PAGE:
The Worlds of R. A. Hortz
Talk the Talk
Talk the Talk
By Kenneth Oppel
The Slang of 65 American Subcultures
By Luc Reid
Writer's Digest Books, 2006
Reviewed by Auggie Moore - Posted August 20, 2012
One of the keys to creating believable characters is to have them speak in a manner consistent with their personality. The dialog that you write for your characters can tell your readers a lot about them. For example, if you have a character say something like, "G'day, mate. Have a dekko at that sheila yabbering with that dill over there." might give your reader a fair idea that the speaker is from Australia. Or the line, "I'm going to play the back nine, then I'll meet you at the nineteenth hole for a quick drink." will be quickly identified as someone talking about a quick round of golf then a trip to the course club house for a drink. Adding slang terms to your dialog helps to give your characters depth and to set the setting for your story, it also embellishes your story as long as slang terms are not used to excess.
While most writers have a fairly wide 'slang' vocabulary, it is impossible to keep up with this quickly changing and diverse aspect of American culture. So what is a writer to do? One of the easiest means of acquiring a basic slang vocabulary is to use a slang dictionary, such as Partridge's Concise Dictionary of Slang and Unconventional English edited by Paul Beale or a slang thesaurus such as the Wordsworth Thesaurus of Slang. There are also numerous topic-specific reference guides on slang terms on the market, such as The Little Book of Golf Slang by Randy Voorhees or The Language of Nuclear War by Eric Semler, James Benjamin, and Adam Gross.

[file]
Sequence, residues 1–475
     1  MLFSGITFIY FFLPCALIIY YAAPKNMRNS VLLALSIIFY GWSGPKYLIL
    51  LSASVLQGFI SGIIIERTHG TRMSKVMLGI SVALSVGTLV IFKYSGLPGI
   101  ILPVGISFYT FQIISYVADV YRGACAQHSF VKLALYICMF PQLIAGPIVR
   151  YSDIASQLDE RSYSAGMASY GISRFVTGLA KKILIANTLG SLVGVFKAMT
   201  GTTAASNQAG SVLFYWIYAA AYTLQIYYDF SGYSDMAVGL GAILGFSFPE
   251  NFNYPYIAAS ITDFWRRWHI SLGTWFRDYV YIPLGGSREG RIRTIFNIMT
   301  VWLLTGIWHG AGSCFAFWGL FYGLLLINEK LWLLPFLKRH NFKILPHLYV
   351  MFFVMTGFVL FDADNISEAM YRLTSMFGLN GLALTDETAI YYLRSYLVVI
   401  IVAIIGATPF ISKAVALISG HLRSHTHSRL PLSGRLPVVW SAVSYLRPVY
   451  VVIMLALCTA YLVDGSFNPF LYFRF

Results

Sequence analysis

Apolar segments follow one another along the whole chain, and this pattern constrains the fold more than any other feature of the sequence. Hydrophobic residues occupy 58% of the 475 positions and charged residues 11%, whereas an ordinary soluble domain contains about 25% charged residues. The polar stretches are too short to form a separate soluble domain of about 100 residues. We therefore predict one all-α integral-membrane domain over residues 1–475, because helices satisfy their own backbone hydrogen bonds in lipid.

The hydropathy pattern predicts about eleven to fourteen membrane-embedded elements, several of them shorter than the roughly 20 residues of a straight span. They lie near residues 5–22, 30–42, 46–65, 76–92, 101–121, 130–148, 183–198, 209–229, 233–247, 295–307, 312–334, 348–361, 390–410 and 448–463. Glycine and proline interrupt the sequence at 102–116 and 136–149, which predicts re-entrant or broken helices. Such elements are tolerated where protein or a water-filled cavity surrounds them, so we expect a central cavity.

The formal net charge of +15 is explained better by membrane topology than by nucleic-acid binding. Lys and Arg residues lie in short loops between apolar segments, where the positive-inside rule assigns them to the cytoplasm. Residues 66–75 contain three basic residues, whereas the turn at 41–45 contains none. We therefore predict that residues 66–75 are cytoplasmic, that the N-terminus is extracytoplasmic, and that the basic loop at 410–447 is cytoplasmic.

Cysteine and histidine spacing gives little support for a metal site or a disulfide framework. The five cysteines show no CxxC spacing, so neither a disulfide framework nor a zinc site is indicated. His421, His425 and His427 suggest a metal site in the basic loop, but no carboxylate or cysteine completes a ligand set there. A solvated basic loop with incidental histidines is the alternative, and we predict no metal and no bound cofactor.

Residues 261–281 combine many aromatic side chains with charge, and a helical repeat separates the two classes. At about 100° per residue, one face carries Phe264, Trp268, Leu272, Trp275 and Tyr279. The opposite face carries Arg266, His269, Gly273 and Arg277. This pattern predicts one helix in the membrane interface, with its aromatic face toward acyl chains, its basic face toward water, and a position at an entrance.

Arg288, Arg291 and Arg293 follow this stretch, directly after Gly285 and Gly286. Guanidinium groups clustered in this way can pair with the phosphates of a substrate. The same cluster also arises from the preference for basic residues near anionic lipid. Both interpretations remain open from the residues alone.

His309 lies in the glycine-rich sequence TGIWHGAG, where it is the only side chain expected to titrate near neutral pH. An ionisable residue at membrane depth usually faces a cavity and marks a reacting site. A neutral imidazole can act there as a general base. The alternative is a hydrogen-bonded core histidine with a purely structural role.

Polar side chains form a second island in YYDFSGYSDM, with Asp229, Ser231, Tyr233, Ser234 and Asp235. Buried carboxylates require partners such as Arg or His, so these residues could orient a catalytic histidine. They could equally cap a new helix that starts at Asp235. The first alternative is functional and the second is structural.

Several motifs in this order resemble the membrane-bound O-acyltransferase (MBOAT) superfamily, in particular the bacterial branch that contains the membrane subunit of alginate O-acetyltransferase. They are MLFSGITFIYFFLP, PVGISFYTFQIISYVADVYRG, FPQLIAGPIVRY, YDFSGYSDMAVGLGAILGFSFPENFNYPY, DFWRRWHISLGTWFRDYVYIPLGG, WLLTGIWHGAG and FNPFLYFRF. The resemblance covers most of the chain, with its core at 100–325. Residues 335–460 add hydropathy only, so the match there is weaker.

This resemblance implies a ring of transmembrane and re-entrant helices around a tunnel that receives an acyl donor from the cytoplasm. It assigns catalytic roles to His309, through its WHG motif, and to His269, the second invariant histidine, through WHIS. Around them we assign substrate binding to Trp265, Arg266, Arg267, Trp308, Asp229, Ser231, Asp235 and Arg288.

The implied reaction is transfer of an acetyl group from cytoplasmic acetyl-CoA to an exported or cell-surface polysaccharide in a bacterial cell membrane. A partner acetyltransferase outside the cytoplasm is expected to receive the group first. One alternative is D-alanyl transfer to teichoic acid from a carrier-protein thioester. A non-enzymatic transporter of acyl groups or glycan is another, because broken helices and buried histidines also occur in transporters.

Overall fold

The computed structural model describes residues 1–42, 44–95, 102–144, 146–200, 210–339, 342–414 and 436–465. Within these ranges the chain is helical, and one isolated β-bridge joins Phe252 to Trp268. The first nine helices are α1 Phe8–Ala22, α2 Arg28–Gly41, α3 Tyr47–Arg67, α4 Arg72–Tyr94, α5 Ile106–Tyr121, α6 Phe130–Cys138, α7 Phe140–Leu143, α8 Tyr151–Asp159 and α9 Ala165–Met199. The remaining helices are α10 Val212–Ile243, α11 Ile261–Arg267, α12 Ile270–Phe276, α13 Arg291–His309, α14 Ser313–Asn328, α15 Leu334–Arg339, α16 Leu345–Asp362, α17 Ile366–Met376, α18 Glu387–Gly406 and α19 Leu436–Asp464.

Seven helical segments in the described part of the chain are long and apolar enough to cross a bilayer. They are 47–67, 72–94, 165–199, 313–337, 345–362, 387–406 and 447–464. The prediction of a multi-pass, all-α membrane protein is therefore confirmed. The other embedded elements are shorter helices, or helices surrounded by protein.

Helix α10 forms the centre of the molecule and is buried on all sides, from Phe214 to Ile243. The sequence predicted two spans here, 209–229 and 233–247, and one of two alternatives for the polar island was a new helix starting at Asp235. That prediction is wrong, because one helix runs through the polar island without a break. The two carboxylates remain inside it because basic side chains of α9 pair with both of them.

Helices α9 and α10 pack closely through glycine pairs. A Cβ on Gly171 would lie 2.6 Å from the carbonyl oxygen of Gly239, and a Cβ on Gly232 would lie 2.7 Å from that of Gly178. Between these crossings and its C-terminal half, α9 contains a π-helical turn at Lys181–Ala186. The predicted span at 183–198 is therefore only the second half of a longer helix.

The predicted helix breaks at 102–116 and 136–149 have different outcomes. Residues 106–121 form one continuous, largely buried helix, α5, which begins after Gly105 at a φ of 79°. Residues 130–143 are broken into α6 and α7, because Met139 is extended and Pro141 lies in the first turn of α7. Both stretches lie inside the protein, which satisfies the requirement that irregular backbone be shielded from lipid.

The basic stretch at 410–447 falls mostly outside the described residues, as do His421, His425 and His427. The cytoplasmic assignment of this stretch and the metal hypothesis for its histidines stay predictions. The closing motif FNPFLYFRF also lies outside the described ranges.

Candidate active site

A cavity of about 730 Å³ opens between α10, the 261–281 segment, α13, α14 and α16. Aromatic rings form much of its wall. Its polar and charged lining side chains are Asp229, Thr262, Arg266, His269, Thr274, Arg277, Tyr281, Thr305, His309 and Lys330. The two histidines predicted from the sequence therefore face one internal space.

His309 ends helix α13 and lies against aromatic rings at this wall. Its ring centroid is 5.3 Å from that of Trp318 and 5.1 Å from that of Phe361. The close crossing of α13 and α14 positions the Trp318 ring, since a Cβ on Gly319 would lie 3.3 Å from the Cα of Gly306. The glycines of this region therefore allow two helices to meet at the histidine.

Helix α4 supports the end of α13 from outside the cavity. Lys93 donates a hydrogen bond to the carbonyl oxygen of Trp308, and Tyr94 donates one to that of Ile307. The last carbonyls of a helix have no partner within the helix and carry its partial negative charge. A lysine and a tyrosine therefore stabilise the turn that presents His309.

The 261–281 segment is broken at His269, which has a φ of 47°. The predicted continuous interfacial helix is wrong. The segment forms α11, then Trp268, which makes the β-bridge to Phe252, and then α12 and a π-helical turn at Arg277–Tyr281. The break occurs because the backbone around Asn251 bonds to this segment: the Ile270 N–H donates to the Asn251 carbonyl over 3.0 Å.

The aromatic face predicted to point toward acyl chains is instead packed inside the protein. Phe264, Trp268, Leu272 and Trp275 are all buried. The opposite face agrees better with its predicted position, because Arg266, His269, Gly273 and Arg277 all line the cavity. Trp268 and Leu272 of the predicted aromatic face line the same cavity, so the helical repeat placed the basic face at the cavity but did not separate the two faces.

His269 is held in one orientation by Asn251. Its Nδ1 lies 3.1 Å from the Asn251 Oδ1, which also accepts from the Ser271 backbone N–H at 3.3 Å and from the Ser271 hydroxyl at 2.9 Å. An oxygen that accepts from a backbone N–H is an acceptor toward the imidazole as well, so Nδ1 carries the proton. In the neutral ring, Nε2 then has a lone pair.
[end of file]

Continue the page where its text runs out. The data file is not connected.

There are also several general reference guides on slang that are also available. One excellent general, brief reference guide on slang is Luc Reid's book, Talk the Talk: The Slang of 65 American Subcultures. This handy guide contains more than 3,500 slang terms and is organized into 65 thematic sections covering the slang of such varied subcultures as Americans in Antarctica, Bodybuilders, Con Artists, Gardeners, Graffiti Writers, Prisoners, Prostitutes, Renaissance Fairegoers, Snowboarders, Surfers, UFO Believers, and many more. Each section begins with a brief overview of the subculture and its slang. Within each section, the entries are listed alphabetically. The main entry is listed in a bold, reddish brown font. The entry is followed (when applicable) with a list of synonyms, and then by a short definition of the main entry. When practical, the text also lists similar words that you may want to look at, and short sentences that show the main entry in use are also provided when necessary for clarity.
Excellent for what it is, this is not a comprehensive guidebook on slang. Such a book would be massive and costly! What this book does do is to present a wide range of slang terms specific to certain groups. It does not cover general/common slang terms, technical terms, nor does it contain slang terms used by one group to describe another group. One of the things that I really like about this book, in additional to all the slang terms, is that potentially derogatory terms are noted by a bold exclamation point. This can help writers from making an unintentional error.
For anyone looking for a general slang reference guide geared toward various American subcultures, Talk the Talk: The Slang of 65 American Subcultures is an excellent starting point. Because this is not a comprehensive text, you may want to seek out a more detailed book down the road. In the meantime, however, this is a great starter book and an essential reference guide for new writers. It is also a fun book to read. You'll be amazed at the number of terms you've never heard before, and just how many terms you'll jot down for possible use in your next story...
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